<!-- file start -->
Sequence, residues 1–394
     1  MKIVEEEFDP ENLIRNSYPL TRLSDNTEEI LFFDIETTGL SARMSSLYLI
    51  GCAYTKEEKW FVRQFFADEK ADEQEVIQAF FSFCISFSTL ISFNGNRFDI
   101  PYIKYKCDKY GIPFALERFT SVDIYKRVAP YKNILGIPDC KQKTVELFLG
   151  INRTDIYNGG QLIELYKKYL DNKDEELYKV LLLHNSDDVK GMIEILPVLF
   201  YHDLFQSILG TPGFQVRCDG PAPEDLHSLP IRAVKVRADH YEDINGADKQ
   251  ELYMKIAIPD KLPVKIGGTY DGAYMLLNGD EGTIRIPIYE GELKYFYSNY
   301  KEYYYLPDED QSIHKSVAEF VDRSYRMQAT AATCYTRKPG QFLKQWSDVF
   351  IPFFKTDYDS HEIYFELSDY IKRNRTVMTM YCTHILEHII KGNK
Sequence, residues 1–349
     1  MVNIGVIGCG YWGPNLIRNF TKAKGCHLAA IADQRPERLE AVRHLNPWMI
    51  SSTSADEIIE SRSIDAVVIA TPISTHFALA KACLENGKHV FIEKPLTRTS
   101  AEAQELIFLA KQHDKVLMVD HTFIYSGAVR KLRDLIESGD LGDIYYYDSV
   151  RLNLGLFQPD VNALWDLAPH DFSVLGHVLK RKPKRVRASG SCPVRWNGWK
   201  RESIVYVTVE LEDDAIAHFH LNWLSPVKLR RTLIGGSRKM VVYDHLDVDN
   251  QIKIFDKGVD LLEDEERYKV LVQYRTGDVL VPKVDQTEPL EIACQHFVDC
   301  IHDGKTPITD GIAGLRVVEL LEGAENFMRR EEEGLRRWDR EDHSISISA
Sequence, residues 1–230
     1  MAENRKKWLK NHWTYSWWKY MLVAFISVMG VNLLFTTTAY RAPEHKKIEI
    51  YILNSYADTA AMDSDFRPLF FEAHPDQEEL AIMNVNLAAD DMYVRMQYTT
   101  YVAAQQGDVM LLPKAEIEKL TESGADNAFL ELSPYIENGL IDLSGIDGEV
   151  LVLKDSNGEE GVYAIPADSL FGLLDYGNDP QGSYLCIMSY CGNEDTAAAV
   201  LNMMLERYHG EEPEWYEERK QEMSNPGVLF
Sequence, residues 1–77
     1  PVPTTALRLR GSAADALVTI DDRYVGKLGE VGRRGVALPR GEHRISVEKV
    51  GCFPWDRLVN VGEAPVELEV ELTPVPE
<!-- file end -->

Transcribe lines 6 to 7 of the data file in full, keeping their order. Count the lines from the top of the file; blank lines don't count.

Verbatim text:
   201  YHDLFQSILG TPGFQVRCDG PAPEDLHSLP IRAVKVRADH YEDINGADKQ
   251  ELYMKIAIPD KLPVKIGGTY DGAYMLLNGD EGTIRIPIYE GELKYFYSNY